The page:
Here’s how you can nail your next renovation project

By Gerv Tacadena

"There are a few key life stages where homeowners find the need to renovate," says Suzanne Burke, co-author of the book Nail Your Renovation Without Getting Screwed.

Homeownership takes responsibility and commitment. A house needs maintenance and care to make sure that it is in its top shape.  After all, a house is an investment — for its value to grow, you have to ensure that it remains as attractive as it was the day you acquired it.

Most importantly, however, you have to treat your house not just as your property or possession but your home. If you recently bought it, it is likely that you will get to spend a huge chunk of your life living in it. Eventually, when the time to sell and move comes, a well-maintained house will be able to provide you a financial boost that can help you in your next home purchase.

"There are a few key life stages where homeowners find the need to renovate," says Suzanne Burke (pictured with her co-author, Steve Burke), co-author of the book Nail Your Renovation Without Getting Screwed.

You might also feel the need to renovate when your home does not satisfy your needs anymore.

"What suited them as a couple is no longer big enough once children start to run around.  They soon find that toys are littered all over the house, and after tidying up, there just doesn't seem to be enough room for everything. The time has come to add more space and more storage," Burke said.

Another clear reason to renovate is when you think that occasional maintenance work and fixes just would not cut it. When all the problems pile up — tiles need regrouting, plumbing starts to malfunction, kitchen looks outdated, windows appear tattered — renovation is the best thing you could ever do for your humble abode.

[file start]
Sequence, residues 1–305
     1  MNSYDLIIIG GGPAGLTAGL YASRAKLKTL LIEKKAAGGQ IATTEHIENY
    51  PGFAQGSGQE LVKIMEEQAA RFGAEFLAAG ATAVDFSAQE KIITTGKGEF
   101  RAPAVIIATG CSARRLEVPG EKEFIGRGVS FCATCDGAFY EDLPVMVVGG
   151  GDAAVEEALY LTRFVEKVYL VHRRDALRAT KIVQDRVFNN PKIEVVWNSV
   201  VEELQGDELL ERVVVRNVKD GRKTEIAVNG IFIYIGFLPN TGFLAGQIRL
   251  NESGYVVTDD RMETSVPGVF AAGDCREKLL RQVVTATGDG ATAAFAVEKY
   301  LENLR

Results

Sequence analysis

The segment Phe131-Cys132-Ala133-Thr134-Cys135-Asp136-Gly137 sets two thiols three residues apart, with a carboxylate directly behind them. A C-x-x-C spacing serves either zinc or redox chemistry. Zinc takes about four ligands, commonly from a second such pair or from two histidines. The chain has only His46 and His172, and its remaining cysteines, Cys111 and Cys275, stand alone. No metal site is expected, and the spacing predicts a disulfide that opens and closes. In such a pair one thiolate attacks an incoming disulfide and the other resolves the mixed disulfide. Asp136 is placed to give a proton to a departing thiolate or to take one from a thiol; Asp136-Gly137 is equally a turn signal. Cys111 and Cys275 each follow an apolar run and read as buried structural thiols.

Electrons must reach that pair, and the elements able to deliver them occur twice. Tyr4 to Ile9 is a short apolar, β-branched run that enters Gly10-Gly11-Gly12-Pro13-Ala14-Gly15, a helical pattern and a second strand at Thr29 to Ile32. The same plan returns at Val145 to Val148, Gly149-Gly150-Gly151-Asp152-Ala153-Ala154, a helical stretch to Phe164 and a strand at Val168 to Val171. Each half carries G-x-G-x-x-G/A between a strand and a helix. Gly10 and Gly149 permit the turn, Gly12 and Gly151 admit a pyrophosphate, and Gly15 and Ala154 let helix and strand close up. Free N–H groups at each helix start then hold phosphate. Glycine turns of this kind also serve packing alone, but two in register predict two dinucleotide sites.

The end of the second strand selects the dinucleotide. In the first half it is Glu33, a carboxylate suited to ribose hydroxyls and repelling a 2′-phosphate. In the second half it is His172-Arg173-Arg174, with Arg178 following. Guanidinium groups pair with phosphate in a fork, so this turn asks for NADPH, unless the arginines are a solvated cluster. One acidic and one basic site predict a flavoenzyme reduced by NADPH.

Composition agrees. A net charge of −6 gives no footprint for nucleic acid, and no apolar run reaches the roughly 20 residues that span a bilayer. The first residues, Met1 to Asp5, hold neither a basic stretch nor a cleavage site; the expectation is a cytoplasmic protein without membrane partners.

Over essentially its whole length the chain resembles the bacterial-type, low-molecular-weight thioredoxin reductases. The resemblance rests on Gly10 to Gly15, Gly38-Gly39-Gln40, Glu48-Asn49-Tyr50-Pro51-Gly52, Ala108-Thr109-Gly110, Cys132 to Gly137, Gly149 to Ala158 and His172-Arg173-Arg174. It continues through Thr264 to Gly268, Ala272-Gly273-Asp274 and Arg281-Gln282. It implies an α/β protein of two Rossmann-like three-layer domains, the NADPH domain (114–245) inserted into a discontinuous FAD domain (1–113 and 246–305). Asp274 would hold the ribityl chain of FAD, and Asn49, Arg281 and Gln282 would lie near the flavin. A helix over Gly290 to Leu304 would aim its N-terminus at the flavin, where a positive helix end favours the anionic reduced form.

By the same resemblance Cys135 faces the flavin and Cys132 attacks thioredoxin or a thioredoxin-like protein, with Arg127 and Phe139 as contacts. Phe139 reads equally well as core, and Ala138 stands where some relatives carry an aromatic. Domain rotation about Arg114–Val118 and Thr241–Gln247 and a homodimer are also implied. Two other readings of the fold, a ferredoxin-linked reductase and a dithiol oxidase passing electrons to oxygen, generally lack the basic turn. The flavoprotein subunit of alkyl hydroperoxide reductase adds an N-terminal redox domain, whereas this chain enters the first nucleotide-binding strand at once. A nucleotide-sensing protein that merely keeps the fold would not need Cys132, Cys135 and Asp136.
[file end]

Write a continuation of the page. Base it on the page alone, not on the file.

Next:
Your Mortgage reached out to Burke to discuss her strategies for renovating a home. In this interview, she shares how renovations can help boost the value of a property. She also talks about which renovation projects are the easiest and hardest to do.

Your Mortgage: What should homeowners do and have before deciding to push through with a renovation project?

Suzanne Burke: Before renovating, consider the big decisions first. Should you renovate or detonate? That is, is the home worth saving or would it be more economical to demolish and build new? Or, perhaps it is time to move home? Undertaking a large renovation project can be stressful on the family, so some consideration needs to be given to moving home instead.  

In many cases, homeowners will find that they love the street they live in, and simply cannot find an established home that meets their needs elsewhere. The big advantage of renovating is that you get to keep some of the character of the home. If you have lived there for a while there may also be some precious memories associated with the home too. By deciding to stay and renovate you get to preserve these.

Looking for a home to renovate for profit? Check out this guide and know more about turning a shabby property into a lucrative investment.

YM: Which parts of the house are the easiest and the hardest to renovate?

Burke: The easiest parts of the house to renovate are the bedrooms. There is no plumbing, the layout of the bedroom is relatively straight-forward and it is easy to achieve a great style and look. Even better, it is the easiest room to re-style when you want a new look. Simply change the bed linen and accessories and you can create a new look overnight.